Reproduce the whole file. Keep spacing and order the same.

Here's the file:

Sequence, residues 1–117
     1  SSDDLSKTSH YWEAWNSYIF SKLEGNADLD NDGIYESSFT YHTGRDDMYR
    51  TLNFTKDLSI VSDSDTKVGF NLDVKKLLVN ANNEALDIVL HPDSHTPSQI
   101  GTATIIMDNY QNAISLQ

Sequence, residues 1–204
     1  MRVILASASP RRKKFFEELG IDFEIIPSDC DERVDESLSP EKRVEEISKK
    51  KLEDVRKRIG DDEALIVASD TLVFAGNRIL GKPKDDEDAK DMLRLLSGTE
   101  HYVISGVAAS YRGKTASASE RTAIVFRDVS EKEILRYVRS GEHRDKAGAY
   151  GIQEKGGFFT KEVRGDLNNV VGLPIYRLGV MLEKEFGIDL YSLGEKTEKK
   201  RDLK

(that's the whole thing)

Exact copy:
Sequence, residues 1–117
     1  SSDDLSKTSH YWEAWNSYIF SKLEGNADLD NDGIYESSFT YHTGRDDMYR
    51  TLNFTKDLSI VSDSDTKVGF NLDVKKLLVN ANNEALDIVL HPDSHTPSQI
   101  GTATIIMDNY QNAISLQ

Sequence, residues 1–204
     1  MRVILASASP RRKKFFEELG IDFEIIPSDC DERVDESLSP EKRVEEISKK
    51  KLEDVRKRIG DDEALIVASD TLVFAGNRIL GKPKDDEDAK DMLRLLSGTE
   101  HYVISGVAAS YRGKTASASE RTAIVFRDVS EKEILRYVRS GEHRDKAGAY
   151  GIQEKGGFFT KEVRGDLNNV VGLPIYRLGV MLEKEFGIDL YSLGEKTEKK
   201  RDLK